Introduction to Transforming Data

Feature engineering is the process of determining which features might be useful in training a model, and then creating those features by transforming raw data found in log files and other sources. In this section, we focus on when and how to transform numeric and categorical data, and the tradeoffs of different approaches.

Reasons for Data Transformation

We transform features primarily for the following reasons:

  1. Mandatory transformations for data compatibility. Examples include:

    • Converting non-numeric features into numeric. You can’t do matrix multiplication on a string, so we must convert the string to some numeric representation.
    • Resizing inputs to a fixed size. Linear models and feed-forward neural networks have a fixed number of input nodes, so your input data must always have the same size. For example, image models need to reshape the images in their dataset to a fixed size.
  2. Optional quality transformations that may help the model perform better. Examples include:

    • Tokenization or lower-casing of text features.
    • Normalized numeric features (most models perform better afterwards).
    • Allowing linear models to introduce non-linearities into the feature space.

Strictly speaking, quality transformations are not necessary--your model could still run without them. But using these techniques may enable the model to give better results.

Where to Transform?

You can apply transformations either while generating the data on disk, or within the model.

Transforming prior to training

In this approach, we perform the transformation before training. This code lives separate from your machine learning model.

Pros

  • Computation is performed only once.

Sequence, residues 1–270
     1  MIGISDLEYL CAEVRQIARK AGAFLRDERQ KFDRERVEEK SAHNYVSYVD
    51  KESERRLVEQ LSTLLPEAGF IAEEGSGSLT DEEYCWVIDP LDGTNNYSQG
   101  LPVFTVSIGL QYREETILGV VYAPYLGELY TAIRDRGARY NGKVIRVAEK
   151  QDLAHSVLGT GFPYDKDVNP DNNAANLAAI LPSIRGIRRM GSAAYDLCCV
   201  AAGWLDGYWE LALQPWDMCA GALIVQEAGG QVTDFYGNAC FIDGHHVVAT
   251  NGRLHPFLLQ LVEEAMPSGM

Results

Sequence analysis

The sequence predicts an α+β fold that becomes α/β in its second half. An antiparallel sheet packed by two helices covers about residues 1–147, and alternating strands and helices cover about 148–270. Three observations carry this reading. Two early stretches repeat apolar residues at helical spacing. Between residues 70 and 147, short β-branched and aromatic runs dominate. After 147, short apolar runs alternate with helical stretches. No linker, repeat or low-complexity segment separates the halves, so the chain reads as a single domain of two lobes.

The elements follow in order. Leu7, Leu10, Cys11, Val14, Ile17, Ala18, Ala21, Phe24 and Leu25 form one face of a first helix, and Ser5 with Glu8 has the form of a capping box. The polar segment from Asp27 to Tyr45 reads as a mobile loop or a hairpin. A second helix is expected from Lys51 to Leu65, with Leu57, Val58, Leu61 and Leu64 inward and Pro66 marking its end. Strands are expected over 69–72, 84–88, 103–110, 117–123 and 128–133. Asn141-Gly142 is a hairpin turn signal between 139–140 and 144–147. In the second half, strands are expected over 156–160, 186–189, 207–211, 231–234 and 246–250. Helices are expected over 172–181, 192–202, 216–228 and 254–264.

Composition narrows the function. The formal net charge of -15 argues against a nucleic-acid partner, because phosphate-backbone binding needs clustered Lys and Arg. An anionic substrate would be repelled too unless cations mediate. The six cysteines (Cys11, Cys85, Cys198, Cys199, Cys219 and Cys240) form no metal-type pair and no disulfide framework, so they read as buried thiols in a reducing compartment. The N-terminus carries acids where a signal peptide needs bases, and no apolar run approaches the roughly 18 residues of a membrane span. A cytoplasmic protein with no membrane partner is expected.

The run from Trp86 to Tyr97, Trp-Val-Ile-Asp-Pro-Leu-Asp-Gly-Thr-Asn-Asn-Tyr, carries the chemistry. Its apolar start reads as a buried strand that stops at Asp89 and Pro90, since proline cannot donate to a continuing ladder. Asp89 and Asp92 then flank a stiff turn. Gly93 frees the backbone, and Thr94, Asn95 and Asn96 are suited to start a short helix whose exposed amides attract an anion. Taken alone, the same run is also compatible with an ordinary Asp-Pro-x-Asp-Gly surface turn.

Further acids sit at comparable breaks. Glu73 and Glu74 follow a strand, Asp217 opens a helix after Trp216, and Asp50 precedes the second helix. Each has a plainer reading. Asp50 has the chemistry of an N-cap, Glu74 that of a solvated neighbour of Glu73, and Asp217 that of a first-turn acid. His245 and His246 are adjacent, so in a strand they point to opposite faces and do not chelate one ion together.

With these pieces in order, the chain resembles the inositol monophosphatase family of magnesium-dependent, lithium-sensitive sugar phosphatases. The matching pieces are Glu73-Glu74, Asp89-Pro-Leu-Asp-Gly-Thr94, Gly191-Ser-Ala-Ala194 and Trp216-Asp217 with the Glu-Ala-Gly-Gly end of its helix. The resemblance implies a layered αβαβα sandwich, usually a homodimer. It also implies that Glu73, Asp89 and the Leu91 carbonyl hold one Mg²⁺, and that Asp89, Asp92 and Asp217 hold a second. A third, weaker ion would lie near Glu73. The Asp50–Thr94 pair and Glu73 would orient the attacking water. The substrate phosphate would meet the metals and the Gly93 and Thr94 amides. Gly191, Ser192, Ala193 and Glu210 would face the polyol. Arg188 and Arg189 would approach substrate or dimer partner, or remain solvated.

• Computation can look at entire dataset to determine the transformation.

Cons

  • Transformations need to be reproduced at prediction time. Beware of skew!
  • Any transformation changes require rerunning data generation, leading to slower iterations.

Skew is more dangerous for cases involving online serving. In offline serving, you might be able to reuse the code that generates your training data. In online serving, the code that creates your dataset and the code used to handle live traffic are almost necessarily different, which makes it easy to introduce skew.

Transforming within the model

For this approach, the transformation is part of the model code. The model takes in untransformed data as input and will transform it within the model.

Pros

  • Easy iterations. If you change the transformations, you can still use the same data files.
  • You're guaranteed the same transformations at training and prediction time.

Cons

  • Expensive transforms can increase model latency.
  • Transformations are per batch.

There are many considerations for transforming per batch. Suppose you want to normalize a feature by its average value--that is, you want to change the feature values to have mean 0 and standard deviation 1. When transforming inside the model, this normalization will have access to only one batch of data, not the full dataset. You can either normalize by the average value within a batch (dangerous if batches are highly variant), or precompute the average and fix it as a constant in the model. We'll explore normalization in the next section.

Explore, Clean, and Visualize Your Data

Explore and clean up your data before performing any transformations on it. You may have done some of the following tasks as you collected and constructed your dataset:

  • Examine several rows of data.
  • Check basic statistics.
  • Fix missing numerical entries.

Visualize your data frequently. Consider Anscombe's Quartet: your data can look one way in the basic statistics, and another when graphed. Before you get too far into analysis, look at your data graphically, either via scatter plots or histograms. View graphs not only at the beginning of the pipeline, but also throughout transformation. Visualizations will help you continually check your assumptions and see the effects of any major changes.